There is a lot to celebrate about the stunning reduction in teen pregnancy and abortion rates as a result of Colorado's initiative to reduce unintended pregnancy described in the New York Times. Among other things, the initiative ensured that women in Colorado got access to the most effective forms of contraception, the new IUDs and implants. The Times called the initiative a "startling success," so much so that one wonders, why haven't we seen similar progress elsewhere?
One big reason is that most health centers in the US do not offer their patients same day access to the most effective methods of contraception. What's worse, women aren't told that there are huge variations in effectiveness between methods. According to another New York Times article last year, a woman who uses the pill as her contraceptive method in a typical way for ten years has a whopping 61 percent chance of getting pregnant on average; whereas if she uses one of these new methods - the ones promoted in Colorado - her chances of getting pregnant drop to between 2 percent and 8 percent. Women also aren't told that many tend to prefer these new methods of contraception over the standard contraceptive pill because they don't require remembering to take a pill every day, they can be removed at any time, and women return to fertility faster after stopping than they do with the pill. Yet the few health centers that do offer these methods often require multiple visits and have an outdated understanding of medical eligibility, all of which make it hard even for an educated consumer to get these new, effective methods of birth control endorsed by the Centers for Disease Control and Prevention, American College of Obstetricians and Gynecologists, and the American Academy of Pediatrics as the "first line" methods of contraception for all women.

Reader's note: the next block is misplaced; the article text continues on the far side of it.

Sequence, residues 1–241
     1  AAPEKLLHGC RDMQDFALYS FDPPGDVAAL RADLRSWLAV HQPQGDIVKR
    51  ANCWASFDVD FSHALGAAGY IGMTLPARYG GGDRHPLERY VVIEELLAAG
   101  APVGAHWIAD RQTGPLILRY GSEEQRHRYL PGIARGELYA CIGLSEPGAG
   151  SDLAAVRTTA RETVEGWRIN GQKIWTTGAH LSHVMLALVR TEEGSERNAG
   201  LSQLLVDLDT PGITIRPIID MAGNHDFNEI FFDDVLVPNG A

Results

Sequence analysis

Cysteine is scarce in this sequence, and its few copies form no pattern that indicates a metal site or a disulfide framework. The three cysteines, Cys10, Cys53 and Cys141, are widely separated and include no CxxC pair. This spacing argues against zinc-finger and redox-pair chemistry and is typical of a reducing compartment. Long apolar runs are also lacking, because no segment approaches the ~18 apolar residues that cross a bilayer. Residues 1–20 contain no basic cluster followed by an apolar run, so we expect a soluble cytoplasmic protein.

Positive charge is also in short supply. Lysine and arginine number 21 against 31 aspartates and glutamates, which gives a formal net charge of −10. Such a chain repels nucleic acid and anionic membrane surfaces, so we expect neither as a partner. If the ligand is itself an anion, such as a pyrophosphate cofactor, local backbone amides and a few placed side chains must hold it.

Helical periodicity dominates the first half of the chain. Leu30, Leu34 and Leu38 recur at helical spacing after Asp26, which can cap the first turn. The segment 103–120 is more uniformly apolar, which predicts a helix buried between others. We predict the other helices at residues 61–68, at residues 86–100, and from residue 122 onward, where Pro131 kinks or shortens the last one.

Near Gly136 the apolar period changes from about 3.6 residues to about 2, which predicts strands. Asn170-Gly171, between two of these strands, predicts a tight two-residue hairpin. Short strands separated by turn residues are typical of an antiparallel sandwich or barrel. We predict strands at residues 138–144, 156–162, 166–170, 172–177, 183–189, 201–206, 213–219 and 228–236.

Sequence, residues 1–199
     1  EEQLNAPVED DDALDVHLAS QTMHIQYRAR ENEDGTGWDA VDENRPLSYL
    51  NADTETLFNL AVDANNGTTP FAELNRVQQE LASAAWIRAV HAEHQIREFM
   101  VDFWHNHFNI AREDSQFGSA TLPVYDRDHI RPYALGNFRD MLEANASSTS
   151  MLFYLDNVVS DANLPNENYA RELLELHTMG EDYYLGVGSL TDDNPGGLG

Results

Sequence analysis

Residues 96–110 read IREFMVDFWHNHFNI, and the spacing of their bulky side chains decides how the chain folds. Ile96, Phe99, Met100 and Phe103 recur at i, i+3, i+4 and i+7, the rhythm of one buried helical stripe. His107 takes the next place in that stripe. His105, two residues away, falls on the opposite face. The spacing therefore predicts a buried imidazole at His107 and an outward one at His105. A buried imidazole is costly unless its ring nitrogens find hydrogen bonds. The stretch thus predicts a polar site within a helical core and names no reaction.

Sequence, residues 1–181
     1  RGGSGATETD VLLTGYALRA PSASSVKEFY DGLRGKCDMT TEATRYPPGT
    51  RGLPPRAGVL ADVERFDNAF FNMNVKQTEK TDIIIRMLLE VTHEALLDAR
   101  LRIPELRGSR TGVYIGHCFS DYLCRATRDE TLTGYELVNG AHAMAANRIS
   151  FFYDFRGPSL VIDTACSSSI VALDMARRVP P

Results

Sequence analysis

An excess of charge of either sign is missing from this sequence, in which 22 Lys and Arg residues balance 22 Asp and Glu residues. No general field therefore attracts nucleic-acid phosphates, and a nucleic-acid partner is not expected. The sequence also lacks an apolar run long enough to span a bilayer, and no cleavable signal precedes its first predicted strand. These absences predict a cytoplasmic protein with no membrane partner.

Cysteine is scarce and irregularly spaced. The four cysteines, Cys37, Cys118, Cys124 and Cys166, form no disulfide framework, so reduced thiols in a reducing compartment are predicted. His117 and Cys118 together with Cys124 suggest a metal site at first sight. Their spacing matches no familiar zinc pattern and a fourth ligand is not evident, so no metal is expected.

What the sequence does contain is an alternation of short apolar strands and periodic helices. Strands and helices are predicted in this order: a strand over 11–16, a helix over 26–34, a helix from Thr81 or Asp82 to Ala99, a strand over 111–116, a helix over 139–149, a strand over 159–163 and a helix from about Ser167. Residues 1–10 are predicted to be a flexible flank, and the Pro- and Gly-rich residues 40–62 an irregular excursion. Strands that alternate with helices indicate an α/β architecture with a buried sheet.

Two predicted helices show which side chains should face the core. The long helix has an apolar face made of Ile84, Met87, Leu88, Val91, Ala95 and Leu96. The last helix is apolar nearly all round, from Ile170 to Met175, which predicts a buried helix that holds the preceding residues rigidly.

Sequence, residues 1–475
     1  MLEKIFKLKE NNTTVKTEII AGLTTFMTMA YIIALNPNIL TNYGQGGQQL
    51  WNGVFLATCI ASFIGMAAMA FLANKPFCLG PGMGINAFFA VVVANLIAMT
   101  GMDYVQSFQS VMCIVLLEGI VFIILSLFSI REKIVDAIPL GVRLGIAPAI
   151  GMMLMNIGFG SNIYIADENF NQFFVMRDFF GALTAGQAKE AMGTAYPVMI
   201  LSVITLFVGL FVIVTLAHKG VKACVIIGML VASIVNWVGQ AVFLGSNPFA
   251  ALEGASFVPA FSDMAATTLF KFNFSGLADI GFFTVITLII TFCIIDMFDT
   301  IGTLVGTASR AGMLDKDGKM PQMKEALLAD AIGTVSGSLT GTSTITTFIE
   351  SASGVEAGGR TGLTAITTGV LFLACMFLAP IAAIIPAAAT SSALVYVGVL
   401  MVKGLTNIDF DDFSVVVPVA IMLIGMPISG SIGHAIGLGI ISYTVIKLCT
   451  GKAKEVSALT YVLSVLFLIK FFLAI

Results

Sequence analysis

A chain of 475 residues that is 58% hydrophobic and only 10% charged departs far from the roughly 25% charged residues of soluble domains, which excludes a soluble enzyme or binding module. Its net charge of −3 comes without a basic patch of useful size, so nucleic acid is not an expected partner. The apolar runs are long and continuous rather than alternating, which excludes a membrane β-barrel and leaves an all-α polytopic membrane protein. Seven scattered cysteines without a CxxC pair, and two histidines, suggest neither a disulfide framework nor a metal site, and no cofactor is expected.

This lack of access to the most effective methods of contraception translates into incredibly high rates of unplanned pregnancy in the US. According to the most recent data, of the 6.6 million total pregnancies in the US, half were unplanned (3.4 million). Though teen pregnancy rates have dropped, unplanned pregnancy rates have remained essentially flat for 30 years, and have actually gotten worse among women in low-income communities. Many of these pregnancies occur in women who are using a contraceptive method that doesn't work very well for them, and the bulk of these accidental pregnancies are among single women in their twenties. What the initiative in Colorado clearly shows is that if we can help women achieve their own goals and become pregnant only when they want to, we can expect significant cost savings (the US spends about $11 billion annually on medical costs associated with unplanned pregnancy), better health outcomes (when women aren't planning to become pregnant, they may not attend to prenatal care), and better long-term outcomes for women, men, and children. As the Brookings Scholar Isabel Sawhill said, "if we want to reduce poverty, one of the simplest, fastest and cheapest things we could do would be to make sure that as few people as possible become parents before they actually want to."
What can we do to follow Colorado's lead and ensure that all women have access to the latest contraceptive counseling and care? We've learned at Upstream USA that providing the latest technical training for placing these new forms of birth control is crucial. But in order for health centers to be able to offer their patients the full range of contraceptive methods same day, including the most effective ones (IUDs and implants), the health center's systems need to be able to handle same-day coding and billing, scheduling patients properly, and offer informed, patient-centered counseling. Health centers from Upstream's first trainings are reporting that their patients are much more likely to choose one of the most effective methods, they're more satisfied with their contraceptive method choice, and happy clients are returning with their friends in tow.
Ensuring that all women have access to the full range of contraceptive methods, particularly the most effective ones, is the fastest, most easily achievable, most highly leveraged, and least expensive way to ensure that women get pregnant only when they want to, and children are born to parents who plan for them and want them. We should applaud Colorado's leadership in this important effort and hope that it marks the beginning of a cultural shift that recognizes improving contraceptive care is a powerful component of expanding opportunity in America.
Mark Edwards is the co-founder of Upstream USA, a nonprofit focused on breaking the cycle of poverty by helping women achieve their own goals and reducing the incidence of unplanned pregnancy. Previously, Mark served as the founder and executive director of Opportunity Nation.